Expanded Access To CMS Claims Data Offers Benefits and Risks for Patients

A new rule from the Centers for Medicare & Medicaid Services (CMS) would extend access to CMS claims data to support quality improvement efforts. But the increased access to personally identifiable claims—including to for-profit companies—may pose privacy risks for patients.

The rule, released July 1, 2016, will allow organizations that the CMS has certified as “qualified entities” to share or resell CMS claims data analyses to clinicians, health care organizations, or other organizations, including for-profit ones, to be used for quality improvement efforts. The new rule also outlines privacy and security requirements for the organizations receiving patient-identifiable or de-identified data.

“Increasing access to analyses and data that include Medicare data will make it easier for stakeholders throughout the healthcare system to make smarter and more informed healthcare decisions,” said CMS Chief Data Officer Niall Brennan in a press release.

For example, CMS noted that qualified entities could analyze the care received by chronically ill populations to boost quality and possibly drive down the cost of care for these individuals. This might be particularly useful in improving care for patients with chronic kidney disease (CKD) or end stage renal disease. Patients with CKD now make up about 10 percent of the Medicare population, but account for about 20% of Medicare costs, according to an analysis from the United States Renal Data System (http://bit.ly/29ODoit).

Extending data access

The Affordable Care Act of 2010 required CMS to make claims data more accessible to enable measurements of clinician and supplier performance. To qualify for the program, organizations must have experience with performance measurement, be able to handle and combine large datasets, allow clinicians to review and correct performance reports, and meet strict standards for data privacy and security (http://bit.ly/29ELnOK). Initially, CMS only allowed the data to be accessed by nonprofit organizations and required public reporting of analyses. But the new rules will extend access to for-profit entities and allow resale of analyses.

To maintain patient privacy, the new rule requires organizations receiving the CMS claims data to use data privacy and security protections “at least as stringent” as that required of organizations covered by the Health Insurance Portability and Accountability Act (HIPAA).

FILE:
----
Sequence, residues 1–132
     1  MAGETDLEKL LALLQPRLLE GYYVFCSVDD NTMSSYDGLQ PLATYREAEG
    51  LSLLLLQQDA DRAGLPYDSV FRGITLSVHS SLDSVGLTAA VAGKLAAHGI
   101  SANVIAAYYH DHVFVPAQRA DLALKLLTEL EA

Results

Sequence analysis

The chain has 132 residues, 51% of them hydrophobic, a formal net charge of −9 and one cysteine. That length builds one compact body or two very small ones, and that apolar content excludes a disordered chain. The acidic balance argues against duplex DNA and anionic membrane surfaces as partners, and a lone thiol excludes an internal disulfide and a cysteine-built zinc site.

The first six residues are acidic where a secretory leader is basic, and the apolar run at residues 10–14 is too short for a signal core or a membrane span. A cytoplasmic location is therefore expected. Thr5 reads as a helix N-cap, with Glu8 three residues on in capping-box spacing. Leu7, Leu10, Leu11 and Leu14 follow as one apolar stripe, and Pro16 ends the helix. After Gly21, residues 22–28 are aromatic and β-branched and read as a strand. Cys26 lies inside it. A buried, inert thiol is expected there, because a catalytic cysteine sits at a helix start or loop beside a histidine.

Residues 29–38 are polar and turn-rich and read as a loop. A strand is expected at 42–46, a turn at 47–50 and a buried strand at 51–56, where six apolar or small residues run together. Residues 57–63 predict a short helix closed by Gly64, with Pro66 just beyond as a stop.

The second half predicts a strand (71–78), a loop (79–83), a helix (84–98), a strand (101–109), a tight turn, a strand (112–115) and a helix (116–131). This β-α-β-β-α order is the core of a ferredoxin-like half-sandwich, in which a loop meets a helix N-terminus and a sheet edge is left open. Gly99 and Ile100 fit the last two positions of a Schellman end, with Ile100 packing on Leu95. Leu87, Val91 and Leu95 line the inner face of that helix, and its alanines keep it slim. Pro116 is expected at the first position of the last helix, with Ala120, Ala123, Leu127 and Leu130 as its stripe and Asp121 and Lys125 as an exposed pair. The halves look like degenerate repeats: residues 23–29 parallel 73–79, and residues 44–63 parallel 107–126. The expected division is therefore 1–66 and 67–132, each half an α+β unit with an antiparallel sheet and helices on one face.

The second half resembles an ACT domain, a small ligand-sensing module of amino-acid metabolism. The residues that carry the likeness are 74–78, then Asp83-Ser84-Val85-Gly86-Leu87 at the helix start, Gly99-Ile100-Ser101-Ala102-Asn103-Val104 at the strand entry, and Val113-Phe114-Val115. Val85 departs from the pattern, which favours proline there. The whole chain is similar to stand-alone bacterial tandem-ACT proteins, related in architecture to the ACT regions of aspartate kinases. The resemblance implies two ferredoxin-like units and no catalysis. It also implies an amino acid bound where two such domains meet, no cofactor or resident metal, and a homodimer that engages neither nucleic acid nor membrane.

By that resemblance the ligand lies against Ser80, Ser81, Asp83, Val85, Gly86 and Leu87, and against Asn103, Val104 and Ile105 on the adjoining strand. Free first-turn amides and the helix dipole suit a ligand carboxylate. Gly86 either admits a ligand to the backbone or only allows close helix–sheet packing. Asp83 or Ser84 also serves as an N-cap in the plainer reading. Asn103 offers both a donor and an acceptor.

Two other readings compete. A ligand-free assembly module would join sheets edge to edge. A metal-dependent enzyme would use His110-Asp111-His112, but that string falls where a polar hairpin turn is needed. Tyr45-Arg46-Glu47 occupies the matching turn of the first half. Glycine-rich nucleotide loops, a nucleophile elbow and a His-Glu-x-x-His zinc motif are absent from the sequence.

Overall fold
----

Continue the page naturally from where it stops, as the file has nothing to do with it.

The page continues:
Although CMS has placed some limits on the use of the claims data by for-profit organizations in the new rule, some privacy advocates are concerned identifiable health data might eventually wind up in the hands of companies selling the data for marketing purposes.

“The for-profit change opens the door to a lot of problems,” said Pam Dixon, executive director of the World Privacy Forum, a public interest research group based in San Diego, CA.

Many of the for-profit companies that are sophisticated enough to analyze the information-rich CMS claims data also have data brokering divisions, explained Dixon. These data brokering endeavors infer health information about individuals using data sets, like magazine subscriptions, and combine that with other marketing data for resale. The data gathered about an individual through these enterprises is often riddled with errors. For now, CMS has been conservative, only approving a small number of highly vetted for-profits, Dixon said.

“I’m really concerned about who might be approved down the line,” Dixon said. “Right now, it does not seem to be really problematic for for-profits [approved by CMS], but that doesn’t mean there won’t be [problems] in the future.”

New protections in the rule, such as requiring qualified entities and those they share data with to meet HIPAA standards for privacy and security, are good steps, Dixon noted. But they are not foolproof. For example, HIPAA allows de-identified patient data to be shared. Studies have revealed, however, that it is very easy to re-identify individuals in such data sets (Sweeney L. Journal of Law, Medicine & Ethics 1997; 25:98–110). Large for-profits that broker data for marketing purposes in particular could easily re-identify individuals, Dixon noted.

“There is no such thing as anonymous claims data,” Dixon said “Our ability to re-identify the data is too strong.”

Another concern is that CMS sharing the data with outside organizations increases the risks of privacy breaches.

“If the data is ever breached and goes out in the wild, that is going to be a profound issue for every patient who has their personally identifiable claims data breached,” Dixon said.

Finally, CMS will no longer require public reporting of all of the qualified entities’ analyses based on the data, although other requirements still apply. This change may reduce transparency, which was part of the initial promise of the program, Dixon said.

“The purpose of this data is to be used for public benefit, not just for enhancing the profits of a for profit company,” she said.